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Did You Know?
Eight different University of
Detroit baseball players reached
the major leagues before the UDM
Titans dropped baseball as a varsity
sport in 2004.
The most famous Detroit Titans
baseball player was RHP Dave
DeBusschere, who went 3-&-4 in
1962-63 with the Chicago White Sox.
DeBusschere was, of course, famous
not so much for his baseball ability but
because he was an NBA star with the Detroit Pistons and New York Knicks.
The most successful former UofD baseballer was onetime Detroit Tiger
farmhand RHP Dick Drago, who spent 13 years in the majors going 108-117.
Among pitchers, Bob Miller was next on the Detroit Titan MLB longevity list
with 10 seasons in the bigs, going 42-42 for the Philadelphia Phillies from 1949--
1958. Later, Miller returned to UDM as longtime head baseball coach.
DID YOU KNOW the last University of Detroiter to reach the major leagues
was a native Detroiter who concluded an 11 year MLB career with the Detroit
Tigers from 1981--83?
That player was catcher BILL FAHEY.
One of just three UofD non-pitchers to reach the majors and the only one of those
three who played more than just a handful of games in the big leagues, Fahey was born
in the Motor City on 6/14/1950. After he graduated from Redford-Union High School,
Fahey went to the University of Detroit (1969) and also attended St. Clair Community
College and Tampa University.
Fahey was the #1 selection of the secondary phase of the January, 1970 draft for
players who were previously drafted, but did not sign. Fahey decided not to ink when
he was picked by in the 13th round of the June, 1968 draft by the Baltimore Orioles.
When the Washington Senators drafted Fahey on 1/17/1970 he signed with the Senators
and by 9/26/1971 Fahey was in the majors. He went 0-for-4 that day in an 8-1 Washington
loss to the Boston Red Sox at Fenway Park.
When the Senators moved to Texas and became the Rangers in 1972, Fahey spent all or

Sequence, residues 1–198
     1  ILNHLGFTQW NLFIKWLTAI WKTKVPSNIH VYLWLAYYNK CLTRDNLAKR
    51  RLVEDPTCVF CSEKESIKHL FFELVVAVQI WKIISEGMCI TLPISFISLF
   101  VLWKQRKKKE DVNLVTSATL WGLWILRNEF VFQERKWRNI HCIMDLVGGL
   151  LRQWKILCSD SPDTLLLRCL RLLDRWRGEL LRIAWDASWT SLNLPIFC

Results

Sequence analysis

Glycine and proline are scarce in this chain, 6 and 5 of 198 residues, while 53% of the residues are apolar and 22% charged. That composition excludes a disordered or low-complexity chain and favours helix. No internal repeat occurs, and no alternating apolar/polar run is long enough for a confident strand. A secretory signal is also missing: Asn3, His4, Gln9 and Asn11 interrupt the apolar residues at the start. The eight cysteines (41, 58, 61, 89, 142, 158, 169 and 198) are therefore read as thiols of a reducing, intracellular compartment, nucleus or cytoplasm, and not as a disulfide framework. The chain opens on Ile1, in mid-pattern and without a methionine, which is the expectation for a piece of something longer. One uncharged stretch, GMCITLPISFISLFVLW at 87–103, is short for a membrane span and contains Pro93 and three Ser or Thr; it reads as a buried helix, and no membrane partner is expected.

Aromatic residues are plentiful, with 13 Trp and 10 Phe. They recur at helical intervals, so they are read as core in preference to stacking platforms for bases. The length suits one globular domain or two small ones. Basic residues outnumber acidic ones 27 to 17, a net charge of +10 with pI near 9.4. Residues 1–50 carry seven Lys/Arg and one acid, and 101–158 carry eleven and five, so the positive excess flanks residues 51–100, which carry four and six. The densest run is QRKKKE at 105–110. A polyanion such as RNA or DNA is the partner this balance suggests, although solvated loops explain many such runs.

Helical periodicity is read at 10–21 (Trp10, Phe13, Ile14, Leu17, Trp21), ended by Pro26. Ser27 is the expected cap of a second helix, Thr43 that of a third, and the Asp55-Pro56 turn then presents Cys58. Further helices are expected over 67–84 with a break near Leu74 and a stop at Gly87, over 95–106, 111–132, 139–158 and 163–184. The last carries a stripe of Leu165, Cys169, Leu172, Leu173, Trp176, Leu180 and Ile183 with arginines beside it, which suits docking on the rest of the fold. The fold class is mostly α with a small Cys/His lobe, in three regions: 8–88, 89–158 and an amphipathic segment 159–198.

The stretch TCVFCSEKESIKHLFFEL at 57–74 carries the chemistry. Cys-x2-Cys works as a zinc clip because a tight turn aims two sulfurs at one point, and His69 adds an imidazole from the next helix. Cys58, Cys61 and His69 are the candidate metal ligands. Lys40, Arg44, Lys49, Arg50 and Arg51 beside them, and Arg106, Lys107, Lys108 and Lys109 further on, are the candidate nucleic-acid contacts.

part of the next five years in Arlington, TX. After a year back in the minors with Tuscon
in 1978, Fahey was traded by the Rangers to the San Diego Padres and his 1979 & '80
seasons with the Pads were his most productive in the majors. Getting over 200 at-bats
in a season for the only two times in his MLB career with San Diego, Fahey hit .287 and .257.
Late in spring training, the Padres sold Fahey's contract to the Tigers on 3/24/1981.
His "Homecoming" debut was delayed a month when he suffered a broken wrist before the
Tigers broke camp and came north.
In three seasons with the Tigers Fahey hit .254, .149 and .273 in 1981--83, but he had
just one homerun and totaled only 15-RBI as All-Star catcher Lance Parrish's back-up.
Fahey's best offensive effort as a Tiger was on 5/28/1983 when he went 3-for-3 plus a
walk, double, RBI and 2-R in a 6-1 Tiger Stadium win over the Minnesota Twins.
The Tigers released Fahey on 8/5/1983 and he finished that year as a Detroit bullpen coach.
Fahey's 11 season MLB career produced only 7-HR, 83-RBI and a .241-BA, but an exceptional
.989 fielding percentage.
While William Roger (Bill) Fahey declined to sign with Baltimore way back in 1968, his son
Brandon did on 6/28/2002. Drafted by San Diego in 1999 and by the Orioles in 2000, Brandon
Fahey finally signed with the Birds after being Baltimore's 12th round selection in 2002. The
younger Fahey reached the majors for the first of three seasons with Baltimore in 2006.
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